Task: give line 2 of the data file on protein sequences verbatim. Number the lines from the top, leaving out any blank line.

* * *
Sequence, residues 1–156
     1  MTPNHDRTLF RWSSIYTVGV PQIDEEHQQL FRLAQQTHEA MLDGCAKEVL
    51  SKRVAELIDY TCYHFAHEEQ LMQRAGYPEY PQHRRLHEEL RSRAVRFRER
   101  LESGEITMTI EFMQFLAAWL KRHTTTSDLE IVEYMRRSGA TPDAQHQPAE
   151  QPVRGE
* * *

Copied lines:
     1  MTPNHDRTLF RWSSIYTVGV PQIDEEHQQL FRLAQQTHEA MLDGCAKEVL